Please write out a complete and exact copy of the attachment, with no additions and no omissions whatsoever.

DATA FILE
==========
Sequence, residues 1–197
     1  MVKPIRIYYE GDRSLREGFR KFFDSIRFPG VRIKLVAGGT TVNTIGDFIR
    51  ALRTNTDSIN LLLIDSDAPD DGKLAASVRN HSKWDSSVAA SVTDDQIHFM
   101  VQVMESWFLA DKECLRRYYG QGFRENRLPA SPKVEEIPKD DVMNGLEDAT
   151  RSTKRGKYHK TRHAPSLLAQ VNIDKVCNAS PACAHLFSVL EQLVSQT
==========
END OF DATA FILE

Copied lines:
Sequence, residues 1–197
     1  MVKPIRIYYE GDRSLREGFR KFFDSIRFPG VRIKLVAGGT TVNTIGDFIR
    51  ALRTNTDSIN LLLIDSDAPD DGKLAASVRN HSKWDSSVAA SVTDDQIHFM
   101  VQVMESWFLA DKECLRRYYG QGFRENRLPA SPKVEEIPKD DVMNGLEDAT
   151  RSTKRGKYHK TRHAPSLLAQ VNIDKVCNAS PACAHLFSVL EQLVSQT